Democrats think Trump won on economic issues — but exit polls offer a more complicated story

caption
Republican presidential nominee Donald Trump
source
Mark Lyons/Getty Images

Hillary Clinton has laid the blame on her upset election loss to Donald Trump on everyone from FBI Director James Comey to Russian President Vladimir Putin.

But for many Democrats, Clinton’s shortcomings can be pinned on her inability to promote a concise, compelling economic message that resonated with voters.

“The Democratic Party failed to offer a compelling jobs message for everybody,” Rhode Island Gov. Gina Raimondo, an early Clinton supporter, told Business Insider in a recent interview.

Clinton “did win Rhode Island by a couple digits,” she added. “But a lot of the areas that went for Trump in Rhode Island are places where people are feeling like they’re left behind in this economy. And I think that as I’m out and about talking to Rhode Islanders, there’s still a high degree of anxiety about my economic future.”

But while some Democrats read up on struggling white working-class voters and consider a strategy that prioritizes pocketbook issues over identity politics, others point to data suggesting a more complicated understanding of why Clinton failed to win in the former Rust Belt states.

An examination of the exit polls in three key states that helped swing the election Trump’s way revealed that the economy was by far the most important issue to votes. But those who reported the economy as their top issue – at least in the abstract – believed that Clinton had a stronger message.

In Michigan, 52% of voters said the economy was “most important issue facing the country,” compared to 60% of voters who said the same thing about the economy in 2012. This year, Clinton won by 6 points among people who reported that the economy was the most important issue, while Obama only won on that issue by 3 points.

In Pennsylvania, Clinton won by 4 points among the 56% of voters who reported that the economy was most important issue facing the country. In 2012, Romney won by 5 points among the 61% of voters concerned most about the economy.

The results were even more stark in Wisconsin. While about the same percentage of voters said the economy was the “most important issue facing the country” in 2016 and 2012 – 55% and 56%, respectively – Clinton won those voters by 11 points, while Romney won on the issue by a single point in 2012.

Matt McDermott, a senior analyst at Whitman Insight Strategies, acknowledged that while Democrats “need to do a better job” of connecting with workers concerned about economic and personal finance issues, “it’s not the reason Hillary Clinton lost this election.”

“There’s really no unifying ‘big picture’ campaign fault that emerges as the reason why she lost them,” McDermott said, referring to the three states. “In part, this is because these three states were each handled in markedly different ways by the Clinton campaign, and yet each was lost by an equally small margin.”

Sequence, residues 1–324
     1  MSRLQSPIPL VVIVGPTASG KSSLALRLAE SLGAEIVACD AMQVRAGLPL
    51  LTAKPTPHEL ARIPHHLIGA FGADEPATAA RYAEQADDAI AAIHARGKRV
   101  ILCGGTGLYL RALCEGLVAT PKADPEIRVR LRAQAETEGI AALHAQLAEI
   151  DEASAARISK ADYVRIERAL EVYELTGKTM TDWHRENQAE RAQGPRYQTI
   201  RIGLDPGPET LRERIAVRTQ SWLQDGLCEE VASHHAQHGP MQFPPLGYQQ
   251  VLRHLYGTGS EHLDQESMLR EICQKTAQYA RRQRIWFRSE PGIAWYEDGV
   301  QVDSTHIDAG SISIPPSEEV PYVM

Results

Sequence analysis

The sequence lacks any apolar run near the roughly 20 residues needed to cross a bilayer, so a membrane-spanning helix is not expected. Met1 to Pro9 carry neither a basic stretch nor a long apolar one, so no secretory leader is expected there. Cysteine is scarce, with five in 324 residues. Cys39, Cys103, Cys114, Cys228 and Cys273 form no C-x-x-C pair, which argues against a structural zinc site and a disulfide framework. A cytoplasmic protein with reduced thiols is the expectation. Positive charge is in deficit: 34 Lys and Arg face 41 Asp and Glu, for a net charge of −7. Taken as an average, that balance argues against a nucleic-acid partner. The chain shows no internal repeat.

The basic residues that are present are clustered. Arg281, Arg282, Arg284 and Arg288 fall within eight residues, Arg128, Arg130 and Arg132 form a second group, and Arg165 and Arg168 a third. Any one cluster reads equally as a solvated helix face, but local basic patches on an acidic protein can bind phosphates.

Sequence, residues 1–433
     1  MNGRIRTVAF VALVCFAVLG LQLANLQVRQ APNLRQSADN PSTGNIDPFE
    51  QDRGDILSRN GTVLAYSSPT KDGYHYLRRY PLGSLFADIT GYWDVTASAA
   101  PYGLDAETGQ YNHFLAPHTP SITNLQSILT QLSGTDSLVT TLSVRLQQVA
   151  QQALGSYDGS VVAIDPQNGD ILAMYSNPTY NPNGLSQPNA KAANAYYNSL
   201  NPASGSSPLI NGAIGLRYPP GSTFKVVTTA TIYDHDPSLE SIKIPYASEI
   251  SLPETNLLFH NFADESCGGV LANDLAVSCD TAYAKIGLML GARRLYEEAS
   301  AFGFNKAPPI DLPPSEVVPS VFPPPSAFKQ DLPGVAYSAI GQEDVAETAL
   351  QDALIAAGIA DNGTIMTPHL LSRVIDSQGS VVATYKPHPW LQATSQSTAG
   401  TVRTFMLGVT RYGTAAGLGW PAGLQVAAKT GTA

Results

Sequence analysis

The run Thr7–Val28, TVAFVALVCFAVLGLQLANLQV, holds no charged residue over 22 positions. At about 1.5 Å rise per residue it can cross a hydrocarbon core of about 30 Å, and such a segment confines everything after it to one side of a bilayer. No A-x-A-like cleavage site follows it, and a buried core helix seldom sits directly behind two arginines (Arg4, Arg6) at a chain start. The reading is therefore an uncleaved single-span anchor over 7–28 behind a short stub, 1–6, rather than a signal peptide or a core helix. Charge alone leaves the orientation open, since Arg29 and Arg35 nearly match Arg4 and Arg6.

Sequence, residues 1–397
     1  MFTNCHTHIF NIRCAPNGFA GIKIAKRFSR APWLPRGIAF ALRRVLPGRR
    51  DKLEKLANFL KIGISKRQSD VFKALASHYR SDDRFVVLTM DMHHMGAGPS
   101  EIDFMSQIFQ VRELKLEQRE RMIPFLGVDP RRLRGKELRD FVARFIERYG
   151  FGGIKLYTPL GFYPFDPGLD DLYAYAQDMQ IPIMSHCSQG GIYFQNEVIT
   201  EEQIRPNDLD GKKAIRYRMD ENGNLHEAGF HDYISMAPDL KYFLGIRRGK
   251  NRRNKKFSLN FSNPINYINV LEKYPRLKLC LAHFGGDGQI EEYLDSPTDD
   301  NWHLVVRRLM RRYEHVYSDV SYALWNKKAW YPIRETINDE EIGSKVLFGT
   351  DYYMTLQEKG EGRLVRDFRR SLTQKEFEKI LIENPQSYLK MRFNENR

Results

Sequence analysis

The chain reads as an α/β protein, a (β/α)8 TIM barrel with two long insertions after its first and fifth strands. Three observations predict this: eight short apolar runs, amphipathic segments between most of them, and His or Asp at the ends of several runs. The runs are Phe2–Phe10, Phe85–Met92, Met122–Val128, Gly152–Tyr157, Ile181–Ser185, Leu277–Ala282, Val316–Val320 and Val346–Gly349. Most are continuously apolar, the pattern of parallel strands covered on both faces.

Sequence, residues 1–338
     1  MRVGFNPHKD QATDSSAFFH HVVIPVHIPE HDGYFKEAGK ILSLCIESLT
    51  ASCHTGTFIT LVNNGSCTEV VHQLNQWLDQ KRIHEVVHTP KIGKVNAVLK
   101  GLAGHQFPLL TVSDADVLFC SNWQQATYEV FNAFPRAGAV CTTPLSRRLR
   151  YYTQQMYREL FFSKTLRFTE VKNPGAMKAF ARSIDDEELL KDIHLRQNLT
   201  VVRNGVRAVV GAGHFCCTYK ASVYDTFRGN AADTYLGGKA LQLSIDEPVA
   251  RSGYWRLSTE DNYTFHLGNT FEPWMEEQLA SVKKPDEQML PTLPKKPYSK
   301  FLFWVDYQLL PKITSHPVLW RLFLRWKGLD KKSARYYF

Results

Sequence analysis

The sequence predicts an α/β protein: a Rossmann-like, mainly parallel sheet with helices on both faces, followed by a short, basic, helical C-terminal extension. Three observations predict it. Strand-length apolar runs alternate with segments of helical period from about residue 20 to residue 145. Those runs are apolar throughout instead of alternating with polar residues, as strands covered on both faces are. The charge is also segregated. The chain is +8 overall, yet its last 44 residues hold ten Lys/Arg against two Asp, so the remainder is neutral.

He added:

“In Michigan, there were few campaign dollars and fewer events, while in Wisconsin, the campaign was in fact infusing resources in the closing weeks of the campaign. And in Pennsylvania, there was a massive, long-term presence on the ground from the Clinton campaign. If their loss of either or all of those three states could be attributed to the campaign – and in particular, their message on the economy – you’d expect their loss to match the level of their campaign presence.”

But while voters in these states had more faith in Clinton in the abstract, they were more attracted to individual aspects of Trump’s economic message, including his vehement opposition to the Trans-Pacific Partnership, his vague promise to bring back US manufacturing jobs and punish companies that outsource jobs, and his criticism of immigrants living in the US illegally.

Exit polls themselves can be unreliable. Those that survey early voters are often viewed by experts as imperfect. And for those conducted on Election Day, the exit polls tend to skew toward counties and precincts with higher incomes and education levels.

Yet the exit polls also offered other explanations for why voters supported Trump over Clinton.

Trump won overwhelmingly among voters in Michigan and Wisconsin who craved “change,” which voters in both states said was, in the abstract, the most important quality they sought in a candidate.

“We don’t live in a monocausal world – one answer will not explain a phenomenon,” said Michael Traugott, a professor and polling expert at University of Michigan. “Clinton did not deliver a sustained economic message, and doing a better job on that cold have helped here win across the country and in those three close states. But it’s also true that if she traveled there instead of elsewhere, or advertised on TV, or if there had been no Comey letter, etc., she could have done better as well.”

Many top Democrats and some polling analysts long dismissed Trump’s early campaign boasts that he could carve a new electorate through the Rust Belt. And in the end, whatever the cause, it came back to bite them.

In July, Los Angeles Mayor Eric Garcetti rejected the idea that Trump’s rhetoric and proposals on immigration will help him win Rust Belt states.

During a conference call, he told Business Insider: “Millennials, younger Americans, even those who are Gen X overwhelmingly support immigration reform, even in the most working class, Midwestern, Rust Belt states.”